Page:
A New Jersey judge ruled Friday that three school districts are temporarily prohibited from enforcing new policies on transgender students in which schools would be required to alert parents if their child changes their gender identity.
The Marlboro, Manalapan-Englishtown and Middletown school districts enacted policies this spring mandating teachers to notify parents, in most situations, if a student wanted to formally change their gender identity, pronouns, name, use different bathrooms or participate on sports teams for a different gender.
"The state has demonstrated a reasonable probability of success on its claim that the Amended Policies, if implemented, will have a disparate impact on transgender, gender nonconforming, and nonbinary youth," Monmouth County Judge David Bauman wrote in issuing a preliminary injunction.
Democrat Gov. Phil Murphy claims that the policies are illegal and harmful to transgender students.
Bauman said he was not "rendering any final judgments or determinations as to the merits of either the State or the School Boards' claims," pending the outcome of a larger civil rights case.
The school districts previously agreed to temporarily halt their new transgender policies as the case is worked out in court.
New Jersey Attorney General Matthew Platkin, who sued the districts shortly after the policies were approved, praised the judge's decision and claimed the policies violate state discrimination laws and put transgender students at risk by outing them to their parents.
"As the Superior Court correctly found, and as we have argued from the start, it is likely that these new policies violate the rights of our most vulnerable residents by discriminating against them on the basis of gender identity or expression," Platkin wrote in a statement. "The Court's decision today is a major victory for civil rights—especially for the civil rights of our State’s LGBTQIA+ students."
Platkin said the state is not attempting to stifle parental rights, but rather to reinstate previously existing school policies that he says protected the rights of transgender students while allowing schools to notify parents about their children "based on individualized and non-discriminatory assessments of a particular child's needs and circumstances."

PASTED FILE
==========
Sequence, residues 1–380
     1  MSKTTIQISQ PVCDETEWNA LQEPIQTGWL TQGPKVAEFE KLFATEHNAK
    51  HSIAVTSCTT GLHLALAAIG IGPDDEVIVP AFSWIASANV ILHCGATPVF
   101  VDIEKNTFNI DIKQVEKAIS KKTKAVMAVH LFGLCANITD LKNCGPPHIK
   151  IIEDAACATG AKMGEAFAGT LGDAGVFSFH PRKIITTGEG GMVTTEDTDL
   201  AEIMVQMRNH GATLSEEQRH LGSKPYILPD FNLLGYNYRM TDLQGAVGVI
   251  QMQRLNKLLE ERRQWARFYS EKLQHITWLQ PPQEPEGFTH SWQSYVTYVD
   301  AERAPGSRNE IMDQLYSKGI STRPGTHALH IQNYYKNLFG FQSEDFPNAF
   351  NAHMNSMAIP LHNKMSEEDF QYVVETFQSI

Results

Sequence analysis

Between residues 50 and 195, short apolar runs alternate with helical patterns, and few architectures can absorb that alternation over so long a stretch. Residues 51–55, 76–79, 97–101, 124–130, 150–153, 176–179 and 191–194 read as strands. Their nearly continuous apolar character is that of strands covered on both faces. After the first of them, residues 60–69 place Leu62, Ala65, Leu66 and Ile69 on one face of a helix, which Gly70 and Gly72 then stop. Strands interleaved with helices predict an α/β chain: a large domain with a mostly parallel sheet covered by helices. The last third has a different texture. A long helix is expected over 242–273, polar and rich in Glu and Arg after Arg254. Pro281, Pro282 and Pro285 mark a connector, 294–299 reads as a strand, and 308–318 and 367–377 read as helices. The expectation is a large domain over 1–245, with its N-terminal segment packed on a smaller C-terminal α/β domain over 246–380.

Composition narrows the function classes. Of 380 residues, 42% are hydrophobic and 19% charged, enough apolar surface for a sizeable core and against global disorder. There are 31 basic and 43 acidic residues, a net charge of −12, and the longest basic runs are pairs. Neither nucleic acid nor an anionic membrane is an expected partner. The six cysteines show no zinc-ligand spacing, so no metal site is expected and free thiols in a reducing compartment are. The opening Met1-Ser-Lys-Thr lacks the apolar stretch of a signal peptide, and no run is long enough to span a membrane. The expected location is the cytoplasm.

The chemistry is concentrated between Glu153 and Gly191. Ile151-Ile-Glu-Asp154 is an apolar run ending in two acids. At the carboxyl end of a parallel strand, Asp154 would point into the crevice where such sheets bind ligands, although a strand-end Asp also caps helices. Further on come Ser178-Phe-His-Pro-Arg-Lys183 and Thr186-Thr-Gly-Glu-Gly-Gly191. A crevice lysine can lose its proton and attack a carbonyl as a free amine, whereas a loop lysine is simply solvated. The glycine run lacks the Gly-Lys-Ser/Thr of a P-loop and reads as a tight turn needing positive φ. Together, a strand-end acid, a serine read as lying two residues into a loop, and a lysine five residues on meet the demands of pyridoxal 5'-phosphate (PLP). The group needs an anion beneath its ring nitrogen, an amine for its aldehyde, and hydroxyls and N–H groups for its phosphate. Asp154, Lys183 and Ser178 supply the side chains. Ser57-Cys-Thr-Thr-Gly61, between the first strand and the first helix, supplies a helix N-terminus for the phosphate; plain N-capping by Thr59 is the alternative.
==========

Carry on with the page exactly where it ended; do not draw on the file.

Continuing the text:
"To be clear, the State has always respected the rights of parents and agrees that parents should be involved in important decisions regarding their children—and any characterizations to the contrary are flatly incorrect," Platkin wrote.
"As the Superior Court correctly recognized, the State is 'not targeting parental rights.' Indeed, the State has never sought and never will seek a 'ban' on parental notification," he continued. "All our lawsuits seek to do is to reinstate the same policies these districts found acceptable with little protest for years. Put simply, we can both keep parents informed about their children’s development and protect the civil rights of our most vulnerable students. Our laws require nothing less."
The New Jersey Board of Education said the ruling means parents will be left in the dark until the courts can reach a resolution.
"We are disappointed that the Court granted the State’s request for a preliminary injunction blocking our implementation of the amended policy until the matter is resolved at the New Jersey Division on Civil Rights – a process that could take years," an attorney for the board told the New York Post. "In the meantime, the school district is now severely constrained in its ability to notify parents about important issues involving their minor children, which is contrary to well settled law. We are exploring our avenues for appeal."
Marlboro Board of Education attorney Marc Zitomer said in a statement to Fox News Digital that the district is "disappointed that the Court granted the State’s request for a preliminary injunction blocking our implementation of the amended policy until the matter is fully resolved at the New Jersey Division on Civil Rights – a process that could take years."
"In the meantime, the school district is now severely constrained in its ability to notify parents about important issues involving their minor children, which is tragic on many levels," he said. "We are exploring our avenues for appeal."
Bruce W. Padula, an attorney for the Manalapan-Englishtown and Middletown school districts, also expressed disappointment with Friday's ruling.
"We strongly disagree with the Court’s ruling and believe there are several grounds for appeal," Padula told Fox News Digital. "Significantly, however, the Court decided to maintain the status quo and did not rule on the merits of the policy. Simply, it is not discrimination to tell parents if their child decides to change the gender in their student records. The law supports our position."
When asked if he would appeal the decision, Padula said he is "discussing all the options" with his client.
"We look forward to presenting our full case and demonstrating that schools should not be required to hide information from parents," he said. "In every other aspect of operating a school district, parent communication is our primary focus. There is no reason why this situation should be different."
Bauman said he wants a decision to be reached "expeditiously" and for the state and the districts to come to a consensus on policies of parental disclosure that "best strikes a legally appropriate and practice balance between protecting the civil rights of transgender, gender non-conforming, and gender non-binary students, and the well-settled right of parental oversight over the care and upbringing of their children."
Fox News' Maria Paronich contributed to this report.